The trauma involved in leaving a cult

images (68)Chartered Psychologist Jill Mytton has been speaking at the Annual Conference of the British Psychological Society’s Division of Counselling Psychology in Cardiff about children who grow up in religious cults. Her observation is that they face considerable difficulties, not only during their childhood, but also after leaving the group. She explains

“Second-generation adult survivors of high-demand groups face particular difficulties, not only during their childhood, but also upon leaving the group, because they face assimilation into a culture that is not just alien to them but also one that they have been taught is wicked and to be hated.“

Is it really that bad?

Yes it truly is, I’ve seen and experienced it myself, and I’m fully aware of how controlling some groups can be. What is also true is that when you are inside you don’t actually see it at all for what it really is.

Having once belonged to a group that was quite good an manipulating people, I do truly know how isolating the experience can be – everybody was expected to be at all meetings, twice on sundays for rather long meetings and also midweek meetings. Officially people could come and go as they pleased, but the subtle trap is that only those that were truly born again were real Christians, and if you did not attend then you were obviously not truly born again – essentially emotional blackmail.

Everybody was also always busy doing church stuff and nobody ever really had free time to themselves, it was a constant whirl of outreach meetings, door knocking, tent crusades, etc… oh and you will be glad to hear that nobody ever got converted, and yet rather oddly this complete lack of any results did not deter anybody at all, in fact nobody really noticed. One other observation is that people did not own TV’s; if they did, well they were obviously opening themselves up to worldly influences. Nobody ever dictated “Do not”, but if you wanted to fit in and belong, then you didn’t. There is much more I could, and perhaps will one day, write about it, but I think that’s enough for you to get the general idea of what was going on.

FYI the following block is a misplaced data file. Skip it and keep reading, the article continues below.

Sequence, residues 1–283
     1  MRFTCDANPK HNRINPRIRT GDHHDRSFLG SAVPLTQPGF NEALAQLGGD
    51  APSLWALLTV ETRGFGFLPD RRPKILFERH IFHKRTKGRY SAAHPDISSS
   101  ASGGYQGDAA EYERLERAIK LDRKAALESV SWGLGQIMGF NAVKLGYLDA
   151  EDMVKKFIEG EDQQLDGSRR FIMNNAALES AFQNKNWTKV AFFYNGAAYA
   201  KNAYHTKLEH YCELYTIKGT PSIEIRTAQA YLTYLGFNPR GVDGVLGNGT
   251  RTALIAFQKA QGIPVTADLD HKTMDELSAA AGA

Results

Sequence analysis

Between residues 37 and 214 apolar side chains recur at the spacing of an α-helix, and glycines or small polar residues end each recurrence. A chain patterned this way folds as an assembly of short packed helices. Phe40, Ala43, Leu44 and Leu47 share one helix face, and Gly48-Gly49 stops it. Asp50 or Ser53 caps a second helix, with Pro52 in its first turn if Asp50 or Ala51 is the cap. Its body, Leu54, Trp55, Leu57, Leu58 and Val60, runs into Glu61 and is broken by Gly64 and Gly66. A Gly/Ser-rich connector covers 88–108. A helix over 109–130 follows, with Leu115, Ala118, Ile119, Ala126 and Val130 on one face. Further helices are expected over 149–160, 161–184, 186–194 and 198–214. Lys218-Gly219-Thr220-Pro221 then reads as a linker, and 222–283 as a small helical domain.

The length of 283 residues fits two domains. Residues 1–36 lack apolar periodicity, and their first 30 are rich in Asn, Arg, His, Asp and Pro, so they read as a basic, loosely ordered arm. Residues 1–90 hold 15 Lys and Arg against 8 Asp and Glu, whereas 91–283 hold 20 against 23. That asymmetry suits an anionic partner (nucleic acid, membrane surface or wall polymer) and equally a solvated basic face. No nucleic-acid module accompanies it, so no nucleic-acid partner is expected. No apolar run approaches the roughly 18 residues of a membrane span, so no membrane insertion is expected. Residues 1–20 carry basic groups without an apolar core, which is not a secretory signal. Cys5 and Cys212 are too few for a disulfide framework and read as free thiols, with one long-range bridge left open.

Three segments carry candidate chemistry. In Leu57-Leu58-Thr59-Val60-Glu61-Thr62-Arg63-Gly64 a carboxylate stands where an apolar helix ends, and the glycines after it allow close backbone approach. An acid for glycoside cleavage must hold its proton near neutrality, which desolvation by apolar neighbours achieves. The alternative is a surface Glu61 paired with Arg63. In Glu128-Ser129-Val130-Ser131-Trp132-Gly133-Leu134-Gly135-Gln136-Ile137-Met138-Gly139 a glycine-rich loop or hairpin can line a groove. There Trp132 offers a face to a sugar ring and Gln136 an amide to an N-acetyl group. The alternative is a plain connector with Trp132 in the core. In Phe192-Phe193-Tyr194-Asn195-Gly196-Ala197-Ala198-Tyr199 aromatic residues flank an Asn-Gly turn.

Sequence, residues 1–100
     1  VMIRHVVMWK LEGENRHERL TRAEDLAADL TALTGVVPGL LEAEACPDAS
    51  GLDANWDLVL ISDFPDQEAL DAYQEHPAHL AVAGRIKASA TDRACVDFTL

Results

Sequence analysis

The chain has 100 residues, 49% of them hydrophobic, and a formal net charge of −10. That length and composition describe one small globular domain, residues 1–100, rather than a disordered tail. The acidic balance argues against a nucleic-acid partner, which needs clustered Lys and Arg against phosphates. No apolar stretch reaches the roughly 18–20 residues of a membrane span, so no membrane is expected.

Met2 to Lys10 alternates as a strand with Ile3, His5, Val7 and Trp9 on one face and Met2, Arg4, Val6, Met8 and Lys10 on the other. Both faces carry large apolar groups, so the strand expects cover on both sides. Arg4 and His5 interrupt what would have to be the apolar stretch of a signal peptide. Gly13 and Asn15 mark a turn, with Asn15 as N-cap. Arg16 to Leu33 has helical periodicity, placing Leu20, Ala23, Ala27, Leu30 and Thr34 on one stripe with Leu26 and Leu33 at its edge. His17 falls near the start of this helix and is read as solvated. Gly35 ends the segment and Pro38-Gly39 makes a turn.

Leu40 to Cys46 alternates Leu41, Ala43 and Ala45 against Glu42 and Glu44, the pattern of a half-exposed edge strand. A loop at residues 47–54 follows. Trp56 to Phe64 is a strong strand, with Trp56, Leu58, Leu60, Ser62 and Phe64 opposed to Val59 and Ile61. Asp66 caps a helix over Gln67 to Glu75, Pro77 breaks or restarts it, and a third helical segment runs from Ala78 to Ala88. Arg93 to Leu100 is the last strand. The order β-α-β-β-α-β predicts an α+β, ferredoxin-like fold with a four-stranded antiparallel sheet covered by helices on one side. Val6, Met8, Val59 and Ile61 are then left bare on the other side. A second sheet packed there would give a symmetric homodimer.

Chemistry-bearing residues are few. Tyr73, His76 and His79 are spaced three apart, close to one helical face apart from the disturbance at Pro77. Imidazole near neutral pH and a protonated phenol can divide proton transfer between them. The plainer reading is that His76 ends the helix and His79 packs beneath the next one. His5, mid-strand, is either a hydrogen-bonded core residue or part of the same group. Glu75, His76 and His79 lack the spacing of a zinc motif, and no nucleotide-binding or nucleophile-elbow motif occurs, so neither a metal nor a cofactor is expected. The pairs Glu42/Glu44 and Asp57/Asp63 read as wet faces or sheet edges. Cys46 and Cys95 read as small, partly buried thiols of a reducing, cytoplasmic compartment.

This all blended together to create a bubble in which a separate and quite distinct micro-culture of belief existed and thrived. So much so, that I recall times when I had no real idea of what was happening in the wider world at all and was instead caught up in this whirlwind of frantic and quite pointless activity; we were truly separated from the wider culture.

From a personal viewpoint I deeply regret that I ever allowed myself to be ensnared by this daft utterly pointless nonsense, and am truly grateful that I managed to break away. It took time, but I had a decent chance of doing so. I might indeed have been ensnared as an insecure teen looking for somewhere to belong, but I had once lived outside and had not been part of it since birth.

Imagine being born into this, growing up in it, and experiencing nothing outside.

Jill Mytton is spot on, leaving is not simply putting aside an irrational belief, it is also about stepping out into a quite alien and almost unknown culture. It can and does greatly shake you up and takes quite a bit of time to find an appropriate rational stance, emotional balance, and moral foundation, but before you get there, you often end up wobbling all over the place as you move towards the surface decompressing as you go.

… and yet escape to a better place is possible where you can find rationality, a far greater degree of tolerance (people are not all vile sinners, most are decent and honourable) and stability, all without the involvement of any fictitious supernatural entities.

If you are isolated inside – reach out, there are many good people out there more than willing to help.

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